Award-winning crossover band Black String (photo courtesy of Black String).
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In January, Korean ensemble Black String brings its unique fusion of traditional Korean music, jazz, and free improvisation to the University of Chicago’s Logan Center for the Arts as part of UChicago Presents’ new Music Without Borders series.
Black String began in 2011 as part of a government sponsored Korea-UK cultural exchange program called “UK Connection.” The ensemble draws its name from the geomungo, a 6 stringed zither that when played, according to legend, summoned a dancing black crane. Playing the geomungo and leading the band is Yoon Jeong Heo, a young virtuoso and master of the instrument.
In a country where musicians of all stripes, from classical to pop, can rise to super-star status, Yoon Jeong Heo may be the leader of the nation’s folk music tradition. As the official steward of “Intangible Cultural Asset #16,” an official status given to vitally important aspects of cultural heritage by the South Korean government, Yoon Jeong Heo holds the future of Korean traditional music in her hands. Though the history of the geomungo and Korean traditional music dates back more than fifteen hundred years, Yoon Jeong Heo is not limited by tradition but rather uses it as the starting point, expanding the possibilities of geomungo and Korean music by bringing together different genres, fusing the traditional with improvisational and contemporary music.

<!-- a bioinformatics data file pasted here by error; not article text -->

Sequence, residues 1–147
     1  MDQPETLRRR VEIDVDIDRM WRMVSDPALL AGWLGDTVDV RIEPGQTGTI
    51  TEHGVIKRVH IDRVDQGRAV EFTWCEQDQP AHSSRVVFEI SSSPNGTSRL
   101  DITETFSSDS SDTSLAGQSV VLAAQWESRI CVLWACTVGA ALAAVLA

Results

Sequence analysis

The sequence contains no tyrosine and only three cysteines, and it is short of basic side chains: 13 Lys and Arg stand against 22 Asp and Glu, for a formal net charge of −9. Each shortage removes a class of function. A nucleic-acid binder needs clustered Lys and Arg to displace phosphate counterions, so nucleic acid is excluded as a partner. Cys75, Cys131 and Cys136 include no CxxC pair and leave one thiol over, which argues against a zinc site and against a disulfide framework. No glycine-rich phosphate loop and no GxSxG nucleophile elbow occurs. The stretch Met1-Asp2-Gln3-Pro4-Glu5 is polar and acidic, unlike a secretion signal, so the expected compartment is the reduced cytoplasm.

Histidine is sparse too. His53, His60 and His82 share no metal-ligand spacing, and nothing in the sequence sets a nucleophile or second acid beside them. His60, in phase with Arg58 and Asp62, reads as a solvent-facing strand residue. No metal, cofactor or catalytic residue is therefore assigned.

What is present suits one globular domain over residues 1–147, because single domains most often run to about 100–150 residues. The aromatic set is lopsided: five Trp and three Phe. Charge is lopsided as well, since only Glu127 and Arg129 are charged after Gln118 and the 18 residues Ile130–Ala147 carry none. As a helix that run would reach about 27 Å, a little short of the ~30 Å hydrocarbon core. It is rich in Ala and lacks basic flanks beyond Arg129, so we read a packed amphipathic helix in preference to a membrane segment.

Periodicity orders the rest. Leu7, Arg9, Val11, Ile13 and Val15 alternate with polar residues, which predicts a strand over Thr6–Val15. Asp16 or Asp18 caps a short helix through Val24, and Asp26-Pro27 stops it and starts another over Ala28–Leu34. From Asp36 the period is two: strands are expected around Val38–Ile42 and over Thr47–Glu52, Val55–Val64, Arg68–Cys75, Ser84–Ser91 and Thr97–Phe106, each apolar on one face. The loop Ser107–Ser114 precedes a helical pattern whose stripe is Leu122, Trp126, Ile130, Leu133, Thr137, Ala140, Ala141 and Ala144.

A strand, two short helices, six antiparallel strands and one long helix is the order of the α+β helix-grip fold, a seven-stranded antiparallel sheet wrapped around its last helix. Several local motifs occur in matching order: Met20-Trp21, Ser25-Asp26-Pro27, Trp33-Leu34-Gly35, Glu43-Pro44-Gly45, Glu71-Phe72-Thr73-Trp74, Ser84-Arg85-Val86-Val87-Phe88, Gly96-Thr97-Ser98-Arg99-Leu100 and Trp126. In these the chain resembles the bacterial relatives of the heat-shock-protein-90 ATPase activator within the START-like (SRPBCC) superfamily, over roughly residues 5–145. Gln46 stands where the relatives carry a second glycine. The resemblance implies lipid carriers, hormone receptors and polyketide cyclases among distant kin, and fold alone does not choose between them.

That fusion is at the core of Black String’s music. Joined by Aram Lee playing Korean flute and hammer dulcimer (daegeum and yanggeum), Min Wang Hwang on zither and percussion (ajaeng and janggu), and Jean Oh playing electric guitar, Black String focuses on improvisation as an important element of traditional Korean music while creating a unique musical language footed in Asian tradition and contemporary musical intuition.
Listeners to Black String with no prior exposure to Korean music may recognize a dark, percussive fusion reminiscent of American jazz and post-rock, but for those versed in the traditional genres, there are also clear references to traditional, shamanistic styles of Korean singing.
Black String has performed at festivals around the world including at WOMEX 2016, the London Jazz Festival, and the K-Music Festival in London, and it is the 2018 winner of the Songlines Music Award for Asia & South Pacific. The group previously toured the US in 2017 and 2018, making stops in New York, New Jersey, Washington, D.C., and Miami, Florida, but the group’s January performance in the Logan Center for the Arts will be their first in the Midwest and their Chicago debut.
Before the concert, the group will be joined on stage by ethnomusicologist and University of Chicago associate professor Travis Jackson to discuss their music and its role in the cultural life of their native Korea, as well as their roles as cultural ambassadors around the world. After the performance, the audience is invited to meet the musicians at a reception in the Logan Center lobby.
The Music Without Borders series, on which Black String performs, brings three international artists to the University of Chicago for mini residencies throughout the academic year. On Monday, January 14, Black String presents a matinee performance for Chicago Public Schools students, and the group also participates in a panel discussion and luncheon with the Center for East Asian Studies at International House at the University of Chicago. In May, Iraqi oud player and composer Rahim AlHaj offers the last performance on the 2018-19 series.
Black String’s visit to the University of Chicago is presented in partnership with the UChicago Center for East Asian Studies with generous support from a Title VI National Resource Center Grant from the United States Department of Education.
For more information or for tickets to the concert, which takes place January 13, 2019 at the Logan Center for the Arts in Hyde Park, visit tickets.uchicago.edu.
Clef Notes Chicagoland Journal for the Arts